Mortality after Successful Transcatheter Arterial Embolization in Patients with Unstable Pelvic Fractures: Rate of Blood Transfusion as a Predictive Factor

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Abstract

Background

To determine the factors predictive of mortality in patients with unstable pelvic fractures after successful transcatheter arterial embolization.

Methods

A retrospective study of pelvic fractures between May of 1995 and April of 1998 was performed. Of 507 patients, 17 who were unstable underwent embolization. The success rate of embolization and the mortality rate after successful embolization were reviewed. Predictive factors (contrast medium extravasation, initial blood pressure, Injury Severity Score, timing of external fixation, time to angiography, volume of blood transfusion, rate of blood transfusion) of the final outcome were statistically analyzed.

Results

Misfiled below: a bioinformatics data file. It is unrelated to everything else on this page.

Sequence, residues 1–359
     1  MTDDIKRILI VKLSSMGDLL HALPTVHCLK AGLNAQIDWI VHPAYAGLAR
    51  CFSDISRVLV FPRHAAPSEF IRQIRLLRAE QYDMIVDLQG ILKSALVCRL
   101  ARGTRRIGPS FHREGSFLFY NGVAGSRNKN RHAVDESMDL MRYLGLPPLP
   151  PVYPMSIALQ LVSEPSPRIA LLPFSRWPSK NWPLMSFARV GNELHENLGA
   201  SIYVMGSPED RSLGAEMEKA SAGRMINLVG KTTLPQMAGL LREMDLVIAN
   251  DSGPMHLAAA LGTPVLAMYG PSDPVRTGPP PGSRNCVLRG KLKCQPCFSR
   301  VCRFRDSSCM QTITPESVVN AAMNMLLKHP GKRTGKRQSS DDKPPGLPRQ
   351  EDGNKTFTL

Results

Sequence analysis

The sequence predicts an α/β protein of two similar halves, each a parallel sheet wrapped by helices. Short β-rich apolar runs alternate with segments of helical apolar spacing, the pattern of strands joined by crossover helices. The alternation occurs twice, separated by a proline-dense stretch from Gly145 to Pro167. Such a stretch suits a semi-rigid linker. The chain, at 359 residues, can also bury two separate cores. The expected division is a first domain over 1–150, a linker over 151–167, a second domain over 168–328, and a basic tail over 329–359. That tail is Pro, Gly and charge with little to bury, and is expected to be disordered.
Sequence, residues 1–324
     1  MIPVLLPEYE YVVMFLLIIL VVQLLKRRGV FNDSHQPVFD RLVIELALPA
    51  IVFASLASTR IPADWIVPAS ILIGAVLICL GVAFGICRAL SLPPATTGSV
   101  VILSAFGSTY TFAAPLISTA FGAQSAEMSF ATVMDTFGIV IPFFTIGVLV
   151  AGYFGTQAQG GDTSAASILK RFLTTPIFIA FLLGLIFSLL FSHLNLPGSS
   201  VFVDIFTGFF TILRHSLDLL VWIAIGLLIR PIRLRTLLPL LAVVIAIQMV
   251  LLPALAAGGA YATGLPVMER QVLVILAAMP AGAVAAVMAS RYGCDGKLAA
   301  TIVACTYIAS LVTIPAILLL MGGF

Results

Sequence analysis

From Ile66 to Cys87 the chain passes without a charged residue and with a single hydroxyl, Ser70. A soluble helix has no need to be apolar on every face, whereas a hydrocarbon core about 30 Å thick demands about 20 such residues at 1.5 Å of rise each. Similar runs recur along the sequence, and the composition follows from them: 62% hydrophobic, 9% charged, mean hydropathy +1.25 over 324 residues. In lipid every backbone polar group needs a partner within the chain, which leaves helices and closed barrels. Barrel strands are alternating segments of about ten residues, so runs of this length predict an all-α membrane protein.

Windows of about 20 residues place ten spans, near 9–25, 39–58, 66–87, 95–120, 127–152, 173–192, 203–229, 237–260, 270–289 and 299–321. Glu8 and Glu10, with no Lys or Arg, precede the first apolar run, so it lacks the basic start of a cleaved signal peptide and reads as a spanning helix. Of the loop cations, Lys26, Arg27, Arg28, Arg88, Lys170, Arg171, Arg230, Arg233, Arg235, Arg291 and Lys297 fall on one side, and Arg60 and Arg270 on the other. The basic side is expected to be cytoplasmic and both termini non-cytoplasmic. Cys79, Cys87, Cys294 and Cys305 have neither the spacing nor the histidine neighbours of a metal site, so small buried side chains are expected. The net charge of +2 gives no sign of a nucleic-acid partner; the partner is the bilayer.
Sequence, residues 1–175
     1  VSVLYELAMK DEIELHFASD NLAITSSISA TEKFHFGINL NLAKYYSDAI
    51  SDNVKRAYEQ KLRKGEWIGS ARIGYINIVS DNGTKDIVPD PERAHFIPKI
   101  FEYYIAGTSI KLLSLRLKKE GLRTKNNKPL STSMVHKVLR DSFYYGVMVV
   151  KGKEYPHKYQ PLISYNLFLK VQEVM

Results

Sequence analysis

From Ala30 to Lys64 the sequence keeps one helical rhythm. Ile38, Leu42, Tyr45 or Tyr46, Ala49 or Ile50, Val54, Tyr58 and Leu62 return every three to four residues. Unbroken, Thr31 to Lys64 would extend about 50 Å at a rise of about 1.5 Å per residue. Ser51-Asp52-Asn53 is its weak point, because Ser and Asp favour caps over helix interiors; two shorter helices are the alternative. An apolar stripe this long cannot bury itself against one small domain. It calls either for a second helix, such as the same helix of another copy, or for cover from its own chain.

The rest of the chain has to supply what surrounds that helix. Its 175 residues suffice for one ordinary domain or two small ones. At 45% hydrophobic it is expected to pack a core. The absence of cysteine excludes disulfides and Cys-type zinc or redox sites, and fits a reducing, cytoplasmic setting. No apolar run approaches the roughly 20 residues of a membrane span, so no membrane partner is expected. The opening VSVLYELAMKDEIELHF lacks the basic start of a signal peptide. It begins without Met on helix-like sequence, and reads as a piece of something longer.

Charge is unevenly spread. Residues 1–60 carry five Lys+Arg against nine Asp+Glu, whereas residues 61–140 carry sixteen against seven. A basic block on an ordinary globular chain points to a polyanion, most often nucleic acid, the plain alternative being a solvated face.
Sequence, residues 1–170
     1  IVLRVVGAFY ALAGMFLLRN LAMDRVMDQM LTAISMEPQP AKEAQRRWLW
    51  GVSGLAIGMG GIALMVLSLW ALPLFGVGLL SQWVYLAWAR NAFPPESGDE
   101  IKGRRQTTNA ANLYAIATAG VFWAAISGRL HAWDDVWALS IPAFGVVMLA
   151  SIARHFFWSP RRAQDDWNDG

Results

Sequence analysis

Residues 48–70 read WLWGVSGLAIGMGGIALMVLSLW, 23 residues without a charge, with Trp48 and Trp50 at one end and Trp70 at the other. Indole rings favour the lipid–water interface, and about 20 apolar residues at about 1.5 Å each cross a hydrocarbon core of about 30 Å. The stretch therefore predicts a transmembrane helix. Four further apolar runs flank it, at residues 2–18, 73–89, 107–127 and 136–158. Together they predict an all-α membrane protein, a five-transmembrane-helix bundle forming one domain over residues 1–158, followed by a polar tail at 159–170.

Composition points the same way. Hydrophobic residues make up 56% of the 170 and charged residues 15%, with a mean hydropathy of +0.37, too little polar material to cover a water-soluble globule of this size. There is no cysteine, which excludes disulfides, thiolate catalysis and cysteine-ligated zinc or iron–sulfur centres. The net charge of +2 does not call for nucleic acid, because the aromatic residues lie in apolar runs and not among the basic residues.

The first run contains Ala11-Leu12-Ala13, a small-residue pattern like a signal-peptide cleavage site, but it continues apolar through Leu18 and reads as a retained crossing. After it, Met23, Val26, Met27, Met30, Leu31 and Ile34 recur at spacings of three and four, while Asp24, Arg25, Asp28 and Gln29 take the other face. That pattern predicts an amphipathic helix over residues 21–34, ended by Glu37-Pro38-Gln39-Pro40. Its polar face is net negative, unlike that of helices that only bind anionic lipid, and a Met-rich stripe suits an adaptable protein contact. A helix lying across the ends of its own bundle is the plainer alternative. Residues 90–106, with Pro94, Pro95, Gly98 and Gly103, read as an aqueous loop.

Embolization was 100% effective in stopping pelvic hemorrhage. The mortality of patients treated successfully with embolization was 17.6%. Among the predictive factors analyzed, only the rate of blood transfusion before embolization, 11.3 ± 11.0 units/h (death) versus 3.2 ± 1.9 units/h (survival) showed statistical significance with an odds ratio of 1.62 (95% confidence interval, 1.07–2.46).

Conclusion

The success rate of embolization was 100% in stopping arterial hemorrhage of unstable pelvic fractures. The survival rate after successful embolization was 82.4%. Patients who had rapid blood transfusion before embolization had a poor final outcome. The risk of dying increased by 62% for every 1 unit/h increase of transfusion rate.

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